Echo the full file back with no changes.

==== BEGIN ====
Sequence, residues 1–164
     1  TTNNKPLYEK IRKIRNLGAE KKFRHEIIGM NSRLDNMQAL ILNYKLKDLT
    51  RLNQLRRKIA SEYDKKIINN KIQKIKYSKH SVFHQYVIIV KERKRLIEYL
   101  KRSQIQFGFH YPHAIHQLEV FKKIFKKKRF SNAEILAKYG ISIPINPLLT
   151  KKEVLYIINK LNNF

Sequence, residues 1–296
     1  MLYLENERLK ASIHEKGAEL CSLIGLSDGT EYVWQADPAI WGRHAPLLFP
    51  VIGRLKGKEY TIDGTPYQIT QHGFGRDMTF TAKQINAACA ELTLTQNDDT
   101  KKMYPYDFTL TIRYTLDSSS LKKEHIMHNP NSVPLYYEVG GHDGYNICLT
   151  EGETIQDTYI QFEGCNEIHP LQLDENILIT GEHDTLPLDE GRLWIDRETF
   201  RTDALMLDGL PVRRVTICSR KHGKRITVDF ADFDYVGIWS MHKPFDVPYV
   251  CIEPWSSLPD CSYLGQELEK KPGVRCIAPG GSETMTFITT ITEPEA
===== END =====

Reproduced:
Sequence, residues 1–164
     1  TTNNKPLYEK IRKIRNLGAE KKFRHEIIGM NSRLDNMQAL ILNYKLKDLT
    51  RLNQLRRKIA SEYDKKIINN KIQKIKYSKH SVFHQYVIIV KERKRLIEYL
   101  KRSQIQFGFH YPHAIHQLEV FKKIFKKKRF SNAEILAKYG ISIPINPLLT
   151  KKEVLYIINK LNNF

Sequence, residues 1–296
     1  MLYLENERLK ASIHEKGAEL CSLIGLSDGT EYVWQADPAI WGRHAPLLFP
    51  VIGRLKGKEY TIDGTPYQIT QHGFGRDMTF TAKQINAACA ELTLTQNDDT
   101  KKMYPYDFTL TIRYTLDSSS LKKEHIMHNP NSVPLYYEVG GHDGYNICLT
   151  EGETIQDTYI QFEGCNEIHP LQLDENILIT GEHDTLPLDE GRLWIDRETF
   201  RTDALMLDGL PVRRVTICSR KHGKRITVDF ADFDYVGIWS MHKPFDVPYV
   251  CIEPWSSLPD CSYLGQELEK KPGVRCIAPG GSETMTFITT ITEPEA